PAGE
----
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Do I Have a Sinus Infection or Allergies?

We’ve all been there before — a stuffy nose or a scratchy throat that lasts for more than just a few days is uncomfortable, but is it just allergies? Or is it something more?

According to the American College of Allergy, Asthma and Immunology (ACAAI), the sixth leading cause of chronic illness in the U.S. is allergies, affecting over 50 million people per year. With that many stuffy noses, many are left wondering whether they are experiencing their usual allergies or if they actually have a sinus infection. In some cases, you may have both!

Is it Allergies?

An allergy is a response your immune system creates when it comes into contact with foreign substances, or allergens. Particles like pollen, dust, and mold may cause allergies for some people. When an allergy occurs, it is not uncommon to experience inflamed sinuses which keeps mucus from being able to drain properly, potentially causing an infection called sinusitis.

Symptoms of allergies can include:

  • Runny or stuffy nose.
  • Watery eyes.
  • Difficulty breathing, or wheezing.

Do I Have Sinusitis?

As mentioned above, a sinus infection or sinusitis occurs when the inflammation of your sinuses allows the growth of germs. While a sinus infection is usually caused by allergies, it can result from other factors, too.

Common factors besides allergies that increase the risk of sinusitis include:

  • Colds.
  • Smoking.
  • A weakened immune system.

Since allergies can lead to sinusitis, the tell-tale signs of each tend to overlap. However, as sinusitis persists, the symptoms become more serious.

People with sinusitis tend to have:

  • Thick and oddly colored mucus.
  • Headaches and pain around the face.
  • Cough or sore throat.
  • Fever.
  • Mucus moving from the nose to your throat, also known as post-nasal drip.

If you suffer from allergies or have a sinus infection, you may be able to treat it at home with decongestants, either oral or nasal, and anti-inflammatory medication. These can soothe a stuffy nose and inflamed sinuses. If your sinus infection is a result of bacteria, a doctor may recommend antibiotics.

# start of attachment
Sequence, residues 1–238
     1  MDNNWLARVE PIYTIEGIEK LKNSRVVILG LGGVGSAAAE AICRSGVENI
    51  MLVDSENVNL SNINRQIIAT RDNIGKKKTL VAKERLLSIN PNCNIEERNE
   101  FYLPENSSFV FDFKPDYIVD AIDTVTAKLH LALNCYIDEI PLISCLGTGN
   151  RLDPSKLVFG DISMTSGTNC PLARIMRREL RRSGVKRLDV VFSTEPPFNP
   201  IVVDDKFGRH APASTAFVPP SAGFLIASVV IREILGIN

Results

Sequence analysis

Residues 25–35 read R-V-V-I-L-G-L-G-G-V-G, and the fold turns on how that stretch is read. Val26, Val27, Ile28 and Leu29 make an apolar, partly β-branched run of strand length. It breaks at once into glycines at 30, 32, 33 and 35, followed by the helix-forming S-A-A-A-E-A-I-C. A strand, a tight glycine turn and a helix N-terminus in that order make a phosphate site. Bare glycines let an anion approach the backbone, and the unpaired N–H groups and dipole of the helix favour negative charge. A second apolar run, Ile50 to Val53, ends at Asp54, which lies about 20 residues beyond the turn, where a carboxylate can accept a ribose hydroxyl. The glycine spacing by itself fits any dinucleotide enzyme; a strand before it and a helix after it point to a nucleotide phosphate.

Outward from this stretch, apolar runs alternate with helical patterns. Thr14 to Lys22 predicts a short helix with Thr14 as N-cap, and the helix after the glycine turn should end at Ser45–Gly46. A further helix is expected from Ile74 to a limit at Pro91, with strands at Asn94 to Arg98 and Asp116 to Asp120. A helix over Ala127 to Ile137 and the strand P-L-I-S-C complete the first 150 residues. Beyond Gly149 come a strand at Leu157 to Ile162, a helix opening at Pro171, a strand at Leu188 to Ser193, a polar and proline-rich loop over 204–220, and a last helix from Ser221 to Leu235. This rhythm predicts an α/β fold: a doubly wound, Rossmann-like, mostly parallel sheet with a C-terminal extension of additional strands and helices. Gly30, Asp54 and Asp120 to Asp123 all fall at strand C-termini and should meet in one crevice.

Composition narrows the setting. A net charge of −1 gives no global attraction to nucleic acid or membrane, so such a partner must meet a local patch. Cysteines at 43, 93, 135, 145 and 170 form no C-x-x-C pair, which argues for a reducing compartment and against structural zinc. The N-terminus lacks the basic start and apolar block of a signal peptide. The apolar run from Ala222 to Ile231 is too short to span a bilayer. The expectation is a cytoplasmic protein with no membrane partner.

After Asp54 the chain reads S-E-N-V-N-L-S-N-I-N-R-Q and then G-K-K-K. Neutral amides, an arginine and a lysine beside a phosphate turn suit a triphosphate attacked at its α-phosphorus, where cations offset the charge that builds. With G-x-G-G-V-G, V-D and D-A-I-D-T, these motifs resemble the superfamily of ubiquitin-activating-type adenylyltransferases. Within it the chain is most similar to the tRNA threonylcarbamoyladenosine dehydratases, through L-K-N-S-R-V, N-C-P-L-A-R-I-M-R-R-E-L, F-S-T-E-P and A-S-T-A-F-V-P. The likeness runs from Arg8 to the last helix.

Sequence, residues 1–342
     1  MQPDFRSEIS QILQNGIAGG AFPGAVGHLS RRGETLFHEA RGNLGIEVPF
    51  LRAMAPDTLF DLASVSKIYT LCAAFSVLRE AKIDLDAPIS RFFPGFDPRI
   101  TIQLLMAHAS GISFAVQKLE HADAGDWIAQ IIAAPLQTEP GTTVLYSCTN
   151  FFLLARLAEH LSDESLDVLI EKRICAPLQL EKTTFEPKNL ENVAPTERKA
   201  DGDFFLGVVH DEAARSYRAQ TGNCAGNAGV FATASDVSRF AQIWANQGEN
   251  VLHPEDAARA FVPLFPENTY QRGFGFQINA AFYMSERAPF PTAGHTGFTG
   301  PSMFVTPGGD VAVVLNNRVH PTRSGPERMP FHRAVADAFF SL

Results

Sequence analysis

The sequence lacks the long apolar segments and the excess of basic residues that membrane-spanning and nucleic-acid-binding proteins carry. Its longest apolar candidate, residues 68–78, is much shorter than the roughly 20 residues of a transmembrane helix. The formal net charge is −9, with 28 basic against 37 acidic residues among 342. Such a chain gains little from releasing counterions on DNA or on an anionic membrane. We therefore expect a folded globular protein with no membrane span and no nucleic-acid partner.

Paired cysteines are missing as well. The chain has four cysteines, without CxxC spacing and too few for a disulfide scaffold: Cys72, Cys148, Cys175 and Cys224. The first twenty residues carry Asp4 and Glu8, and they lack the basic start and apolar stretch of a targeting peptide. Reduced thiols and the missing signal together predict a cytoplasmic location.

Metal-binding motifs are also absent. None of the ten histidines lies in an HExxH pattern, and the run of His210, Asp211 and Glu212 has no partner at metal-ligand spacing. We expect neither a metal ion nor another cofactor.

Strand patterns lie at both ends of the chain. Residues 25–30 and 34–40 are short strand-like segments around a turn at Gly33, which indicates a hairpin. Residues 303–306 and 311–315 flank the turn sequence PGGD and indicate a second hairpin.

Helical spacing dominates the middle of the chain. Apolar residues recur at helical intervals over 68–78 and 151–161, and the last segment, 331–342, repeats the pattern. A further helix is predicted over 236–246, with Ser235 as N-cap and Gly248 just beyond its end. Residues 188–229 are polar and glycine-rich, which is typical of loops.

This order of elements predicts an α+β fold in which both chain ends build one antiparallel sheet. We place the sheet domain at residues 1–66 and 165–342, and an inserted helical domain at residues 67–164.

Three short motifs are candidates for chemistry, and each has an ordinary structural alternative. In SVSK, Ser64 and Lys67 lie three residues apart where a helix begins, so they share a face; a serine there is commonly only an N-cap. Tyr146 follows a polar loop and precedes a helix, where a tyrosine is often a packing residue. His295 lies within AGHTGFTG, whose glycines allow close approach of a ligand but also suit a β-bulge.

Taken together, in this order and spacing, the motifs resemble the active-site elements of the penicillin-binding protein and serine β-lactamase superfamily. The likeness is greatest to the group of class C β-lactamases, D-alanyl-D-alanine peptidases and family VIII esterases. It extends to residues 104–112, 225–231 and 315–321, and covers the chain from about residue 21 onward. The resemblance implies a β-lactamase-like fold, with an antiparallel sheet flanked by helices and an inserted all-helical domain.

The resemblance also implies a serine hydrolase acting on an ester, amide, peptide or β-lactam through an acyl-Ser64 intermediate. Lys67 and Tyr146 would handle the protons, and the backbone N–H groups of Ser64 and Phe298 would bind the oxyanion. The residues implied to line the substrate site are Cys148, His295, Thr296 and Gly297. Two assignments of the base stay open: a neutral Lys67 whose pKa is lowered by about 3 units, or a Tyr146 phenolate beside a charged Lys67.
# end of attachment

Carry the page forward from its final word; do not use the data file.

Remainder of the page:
How Can I Keep My Allergies at Bay?

To prevent your allergies from worsening to something more serious (like sinusitis), you'll want to keep these tips in mind:

Take allergy medication.

Don't wait for your symptoms to worsen; before peak allergy season begins, start taking over-the-counter allergy medication.

Pay attention to pollen counts.

Pollen can severely agitate your allergies. So before you start opening all your windows, check the pollen counts.

Avoid outdoor activities in the morning.

Pollen counts tend to be highest first thing in the morning when plants begin to react to sunlight. If possible, plan your time outdoors later in the day, depending on your local pollen count.

Do some deep (or spring) cleaning.

Dirt and dust may have had a field day in your home this winter. Make sure you do a deep clean to remove as much dust and pollen that have been collecting within your home. Tip: try rearranging your furniture to clean the hard-to-reach places.

Regularly bathe your furry friends.

Even a hypoallergenic pet may still have allergens on its skin! In addition to washing your pups, make sure to clean their toys, especially if they bring them outside.

Making it Through Allergy Season with Superior Urgent Care

If your allergies or sinusitis persists, the team at Superior Urgent Care is here to provide you with the high-quality healthcare you need to conquer seasonal illnesses. Since 2017, we have treated patients with sinus-related pain and inflammation with the highest standard in modern urgent care services.

Call our offices at (817) 567-2926 or contact us online to schedule your appointment today.
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